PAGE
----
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GROUND REALITY

Bureaucracy is a bigger challenge for startups in India than funding

The Wider Image: Thousands laid off as India pushes biggest tax reform
Reuters/Adnan Abidi
Dealing with it.
Published This article is more than 2 years old.

2018 was not a great year for startup funding in India. But that’s not what’s worrying entrepreneurs the most.

Over 45% of the firms are most concerned about corruption and bureaucratic hurdles, a survey by citizens engagement forum LocalCircles said.

The survey is based on over 40,000 responses from over 15,000 startups, SMEs, and entrepreneurs.

“When compared with the last year’s survey results, the situation does not look very bright for startups and SMEs in the country,” the report said.

The angel tax, for one, has been the most irksome bureaucratic challenge for startups till now. Angel tax is triggered when a startup receives equity infusion in excess of “fair valuation.” Tax authorities treat the premium paid by the investors as income, taxable at 30%.

“Angel tax is one area that falls under corruption and bureaucratic inefficiencies as it takes the focus of startup entrepreneurs away from building a product or service to responding to tax notices and filing appeals, something that startups can clearly do without,” the report said.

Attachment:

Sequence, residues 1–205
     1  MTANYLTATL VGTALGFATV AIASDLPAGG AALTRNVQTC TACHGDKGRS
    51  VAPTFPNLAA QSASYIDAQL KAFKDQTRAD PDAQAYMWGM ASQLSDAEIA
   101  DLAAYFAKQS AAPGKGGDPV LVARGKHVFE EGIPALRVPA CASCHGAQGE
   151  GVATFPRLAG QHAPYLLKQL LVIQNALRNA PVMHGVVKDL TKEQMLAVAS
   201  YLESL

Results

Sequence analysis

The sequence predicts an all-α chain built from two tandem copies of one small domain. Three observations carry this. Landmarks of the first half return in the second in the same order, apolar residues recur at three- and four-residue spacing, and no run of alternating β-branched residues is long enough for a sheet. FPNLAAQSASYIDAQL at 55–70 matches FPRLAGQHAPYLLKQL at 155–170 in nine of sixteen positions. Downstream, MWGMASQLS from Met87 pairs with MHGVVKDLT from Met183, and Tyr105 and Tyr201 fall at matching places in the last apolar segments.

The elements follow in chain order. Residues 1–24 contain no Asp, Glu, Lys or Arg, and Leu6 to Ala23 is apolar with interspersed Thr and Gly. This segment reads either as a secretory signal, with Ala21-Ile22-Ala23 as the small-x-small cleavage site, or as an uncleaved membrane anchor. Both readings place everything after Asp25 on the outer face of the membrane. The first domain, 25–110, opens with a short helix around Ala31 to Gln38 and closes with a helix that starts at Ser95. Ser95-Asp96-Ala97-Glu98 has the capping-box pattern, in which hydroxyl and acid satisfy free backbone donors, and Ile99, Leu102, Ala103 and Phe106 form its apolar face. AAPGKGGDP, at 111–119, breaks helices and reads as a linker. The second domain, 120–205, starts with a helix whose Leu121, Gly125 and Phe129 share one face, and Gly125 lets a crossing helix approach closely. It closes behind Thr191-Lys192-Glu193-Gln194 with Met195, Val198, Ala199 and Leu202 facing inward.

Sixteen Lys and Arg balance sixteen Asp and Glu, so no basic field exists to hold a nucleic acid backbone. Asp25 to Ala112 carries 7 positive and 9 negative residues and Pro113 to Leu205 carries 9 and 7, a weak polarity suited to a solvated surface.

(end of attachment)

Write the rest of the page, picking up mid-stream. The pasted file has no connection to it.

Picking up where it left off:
In December, the tax authorities sent notices to several startups for angel tax evasion. 

Over 30% of the startups that were included in the survey received multiple tax notices in 2018, while 6% got at least one.

This is despite the fact that the central board of direct taxes (CBDT), just a week before issuing tax notice to startups, issued a notice asking tax officers not to use “coercive measures” to recover the outstanding amount from the startups. 

The department of industrial policy and promotion (DIPP) is looking into the angel tax issue and has assured that the government that it would not harass investors and startups.

Meanwhile, young companies feel the tax authorities don’t get them.

Over 97% of the startups and small businesses feel an urgent need to educate tax authorities on startup valuations to avoid the harassment.

Another pain point is the goods and services tax (GST), introduced in July 2017, to simplify complex state and central taxation structures, among other reasons.

Early-stage startups with little or no revenue are at a disadvantage with GST. The startups, by law, are required to pay 18% GST under reverse charge for specialised services and products procured from overseas suppliers.

Over 75% of the respondents in the LocalCircles survey said startups and small businesses must be exempt from GST under this reverse charge. And 84% of businesses also feel that any foreign company billing Indian customers should be required to register for GST compulsorily. Currently, startups have to deposit an “equilisation levy” of 6% on behalf of the foreign companies they deal with. 

“Companies like Facebook, Twitter, and so on, which startups use for advertising and promotions are classic examples of this and these companies must be required to bill from their India-based entities,” the report said.

Bureaucratic challenges apart, the Modi government’s pet project, Startup India, hasn’t done much for the ecosystem. Over 80% of the startups said they did not see any value in the programme, while only 18% claimed they received some benefit from it.

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